All things within our comfort zone today were once outsiders that we faced with fear, doubt, and worry and yet still conquered.

So why did we stop growing the size of our comfort zone?  Wait a minute, you hadn’t realized that the cliche “Grow or die” was referring to the size of your comfort zone?  You are either increasing the size of your competence and comfort or you’re passing away into that comatose existence.  I won’t pretend to have your answer.  Perhaps it was enough to develop the skills to breathe, bathe and feed yourself.  Perhaps you hit the limit of your identity (self-esteem)  from those who raised you.  Or it could be you had one bad experience trying something new and vowed never to get hurt again.  The only question is will this be the your excuse you tell yourself and your grandchildren for an unremarkable legacy?


The outer limits

What if the secret to winning were to be uncomfortable, but on our own terms?  Imagine using intentional discomfort to produce real and everlasting comfort.    It’s the conversion process from taking that which we fear and turning it into that which we don’t fear that creates those great results in our life.  When we take the uncomfortable, bust our ass to acquire knowledge and experience, failing forward into success, we are rewarded with greatness at first, then eventually comfort.   

Every great performer was born without comfort.  From Beethoven to Jordan and the countless other winners in life, one thing they all had in common was that they had to be uncomfortable long before they became comfortable in their craft.  

Be careful upon “mastering” your craft though.  The comfort that eventually follows greatness is just the next level of achievement.  It’s a plateau.  If that’s the final destination desired and it’s sustainable, then congratulations I suppose.  I can’t imagine ever stopping there, but to each their own.  Why plan on stopping until you can high-five God?   If it’s not the ultimate level, then we must find a way towards the uncomfortable again.

By the way, discomfort is only scary when it’s out of our control.  So while comfort will eventually lead to discomfort, properly designed discomfort will lead us back to the ultimate comfort  Some ideas to get out of your comfort zone:

  1. Be comfortable with being uncomfortable.  Just expect the uncomfortable to arrive.  Don’t be surprised by it, be excited for it.  It’s a sign that if you don’t quit, success is on it’s way.  Make it part of your life like avoiding bad drivers on the road.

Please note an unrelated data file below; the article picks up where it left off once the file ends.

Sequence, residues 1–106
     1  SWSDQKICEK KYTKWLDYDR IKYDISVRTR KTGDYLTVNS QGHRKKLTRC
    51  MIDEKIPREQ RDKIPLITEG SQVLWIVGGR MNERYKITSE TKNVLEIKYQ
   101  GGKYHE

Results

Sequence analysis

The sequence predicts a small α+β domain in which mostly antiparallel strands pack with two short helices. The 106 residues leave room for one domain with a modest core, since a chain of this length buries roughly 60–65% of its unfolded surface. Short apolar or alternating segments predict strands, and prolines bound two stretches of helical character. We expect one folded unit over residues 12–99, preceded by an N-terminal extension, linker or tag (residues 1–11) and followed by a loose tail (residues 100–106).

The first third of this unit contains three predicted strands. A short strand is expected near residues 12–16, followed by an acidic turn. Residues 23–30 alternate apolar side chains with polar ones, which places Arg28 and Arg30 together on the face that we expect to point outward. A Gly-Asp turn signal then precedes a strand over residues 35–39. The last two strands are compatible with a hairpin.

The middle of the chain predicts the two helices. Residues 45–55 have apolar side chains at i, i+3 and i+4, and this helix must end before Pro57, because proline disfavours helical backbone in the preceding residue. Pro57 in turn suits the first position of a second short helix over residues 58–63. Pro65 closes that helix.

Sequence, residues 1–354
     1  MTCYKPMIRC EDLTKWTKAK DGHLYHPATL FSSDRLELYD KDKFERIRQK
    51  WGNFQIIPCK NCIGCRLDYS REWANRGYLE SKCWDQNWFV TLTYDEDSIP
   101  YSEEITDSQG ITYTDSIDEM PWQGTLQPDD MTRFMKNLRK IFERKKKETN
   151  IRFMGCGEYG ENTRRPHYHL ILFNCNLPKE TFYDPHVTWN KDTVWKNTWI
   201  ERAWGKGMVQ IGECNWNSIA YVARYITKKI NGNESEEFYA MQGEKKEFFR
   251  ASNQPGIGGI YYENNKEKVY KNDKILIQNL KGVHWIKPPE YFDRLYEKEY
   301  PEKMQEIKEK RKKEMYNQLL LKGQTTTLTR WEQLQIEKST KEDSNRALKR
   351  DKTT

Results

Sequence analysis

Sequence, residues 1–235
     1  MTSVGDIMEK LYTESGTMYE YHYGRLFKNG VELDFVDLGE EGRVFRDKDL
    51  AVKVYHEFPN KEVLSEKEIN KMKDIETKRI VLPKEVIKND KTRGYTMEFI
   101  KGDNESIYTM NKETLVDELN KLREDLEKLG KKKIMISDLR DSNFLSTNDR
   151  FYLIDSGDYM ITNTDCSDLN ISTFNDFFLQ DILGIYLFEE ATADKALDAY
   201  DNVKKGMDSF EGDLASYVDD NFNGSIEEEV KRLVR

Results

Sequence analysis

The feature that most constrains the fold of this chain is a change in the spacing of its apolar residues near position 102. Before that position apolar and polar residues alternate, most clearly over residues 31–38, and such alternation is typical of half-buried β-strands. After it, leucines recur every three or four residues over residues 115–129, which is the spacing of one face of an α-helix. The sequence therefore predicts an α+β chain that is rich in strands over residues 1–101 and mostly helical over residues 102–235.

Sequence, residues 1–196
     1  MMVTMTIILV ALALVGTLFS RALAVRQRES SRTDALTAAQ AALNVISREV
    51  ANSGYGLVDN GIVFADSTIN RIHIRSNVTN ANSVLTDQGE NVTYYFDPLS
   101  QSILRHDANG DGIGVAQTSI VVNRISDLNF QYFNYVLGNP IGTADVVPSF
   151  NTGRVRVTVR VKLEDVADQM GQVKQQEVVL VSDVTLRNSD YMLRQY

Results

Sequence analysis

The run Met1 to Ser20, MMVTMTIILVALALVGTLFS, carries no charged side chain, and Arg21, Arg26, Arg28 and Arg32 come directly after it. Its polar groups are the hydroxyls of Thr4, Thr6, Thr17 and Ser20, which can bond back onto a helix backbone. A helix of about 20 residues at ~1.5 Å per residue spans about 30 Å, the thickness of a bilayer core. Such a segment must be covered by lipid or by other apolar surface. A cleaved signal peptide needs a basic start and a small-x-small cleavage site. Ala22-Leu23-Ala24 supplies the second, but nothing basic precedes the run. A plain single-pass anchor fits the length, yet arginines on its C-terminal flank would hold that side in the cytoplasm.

2. Do what scares you a little.  Don’t avoid fear, run towards it, flirt with it, see what happens when you poke it with a stick.  I’m not suggesting to put yourself in physical danger.  Maybe just make those dreaded calls, talk to that prospect, ask your boss for that raise, give that speech, etc.
  3. Learn something new.  This is a fantastic way to become uncomfortable.  They say the more you know, the more you don’t know.  If you consider lack of knowledge (not ignorance, rather knowing that you don’t know) is proportional to lack of control, there aren’t many things more uncomfortable.
  4. Meet someone new. For many, getting to know someone is often an awkward and uncomfortable experience.  We always try to make a good impression and have a heightened sense for their opinion of us.  If you hit it off, you now have a friend and potentially a great life and business connection.
  5. Change your routine.  Most of what we do each day is habit.  Habit is the fertilizer of the comfort zone.  Change the order you get ready in the morning.  Take a different route to work.  Eat at different times.  Even bathing your “parts” in a different order can inspire new thoughts and shake up the old you (try it!)


When Bronnie Ware, a palliative nurse, interviewed her patients during their end-of-life care, she recorded the top regrets from each.  The number one most common was, “I wish I’d had the courage to live a life true to myself, not the life others expected of me.”   If the consequence of discomfort were living a life closer to that of your dreams and experiencing a life that could fill a bestselling book, would it be worth the temporary pain and work?

The good news is that at any point, we can rip the I.V. off our arm, awaken from our coma, and realize our inherent greatness. We have a chance and a choice to place ourselves outside of our comfort zone.  We need not do it carelessly, but when we find the recipe that will get us to our goal (hint:  somebody knows how, even if you don’t), then it’s a matter of doing the work, in spite of the comfort level.  Remember, the discomfort is now or later.  How great that we have a choice.  I dare you to share this with your five closest friends and family who are  still in the rat race.  You just might save a life or two!

“I never wanted to be rich, just comfortable.  Then I found out to be comfortable, I had to be rich.”

–Les Brown

Meet you at the top (‘cause the bottom’s way too crowded!)